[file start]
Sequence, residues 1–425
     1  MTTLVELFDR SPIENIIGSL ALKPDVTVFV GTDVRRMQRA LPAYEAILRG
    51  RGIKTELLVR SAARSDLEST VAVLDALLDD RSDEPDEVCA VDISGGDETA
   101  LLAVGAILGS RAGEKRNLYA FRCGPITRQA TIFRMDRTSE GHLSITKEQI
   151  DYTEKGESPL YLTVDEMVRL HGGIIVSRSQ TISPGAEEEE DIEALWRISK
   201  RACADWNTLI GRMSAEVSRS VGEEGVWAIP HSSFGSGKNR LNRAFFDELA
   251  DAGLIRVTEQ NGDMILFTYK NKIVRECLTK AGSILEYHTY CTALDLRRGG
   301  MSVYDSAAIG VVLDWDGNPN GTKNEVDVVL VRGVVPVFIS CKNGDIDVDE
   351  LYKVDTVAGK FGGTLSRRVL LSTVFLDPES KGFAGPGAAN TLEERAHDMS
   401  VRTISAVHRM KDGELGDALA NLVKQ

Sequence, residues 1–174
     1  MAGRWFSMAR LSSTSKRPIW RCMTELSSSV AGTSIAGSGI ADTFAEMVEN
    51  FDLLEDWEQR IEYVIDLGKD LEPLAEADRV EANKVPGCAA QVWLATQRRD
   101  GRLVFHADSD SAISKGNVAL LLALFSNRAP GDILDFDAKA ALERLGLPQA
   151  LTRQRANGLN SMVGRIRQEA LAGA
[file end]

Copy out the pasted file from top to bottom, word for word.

Sequence, residues 1–425
     1  MTTLVELFDR SPIENIIGSL ALKPDVTVFV GTDVRRMQRA LPAYEAILRG
    51  RGIKTELLVR SAARSDLEST VAVLDALLDD RSDEPDEVCA VDISGGDETA
   101  LLAVGAILGS RAGEKRNLYA FRCGPITRQA TIFRMDRTSE GHLSITKEQI
   151  DYTEKGESPL YLTVDEMVRL HGGIIVSRSQ TISPGAEEEE DIEALWRISK
   201  RACADWNTLI GRMSAEVSRS VGEEGVWAIP HSSFGSGKNR LNRAFFDELA
   251  DAGLIRVTEQ NGDMILFTYK NKIVRECLTK AGSILEYHTY CTALDLRRGG
   301  MSVYDSAAIG VVLDWDGNPN GTKNEVDVVL VRGVVPVFIS CKNGDIDVDE
   351  LYKVDTVAGK FGGTLSRRVL LSTVFLDPES KGFAGPGAAN TLEERAHDMS
   401  VRTISAVHRM KDGELGDALA NLVKQ

Sequence, residues 1–174
     1  MAGRWFSMAR LSSTSKRPIW RCMTELSSSV AGTSIAGSGI ADTFAEMVEN
    51  FDLLEDWEQR IEYVIDLGKD LEPLAEADRV EANKVPGCAA QVWLATQRRD
   101  GRLVFHADSD SAISKGNVAL LLALFSNRAP GDILDFDAKA ALERLGLPQA
   151  LTRQRANGLN SMVGRIRQEA LAGA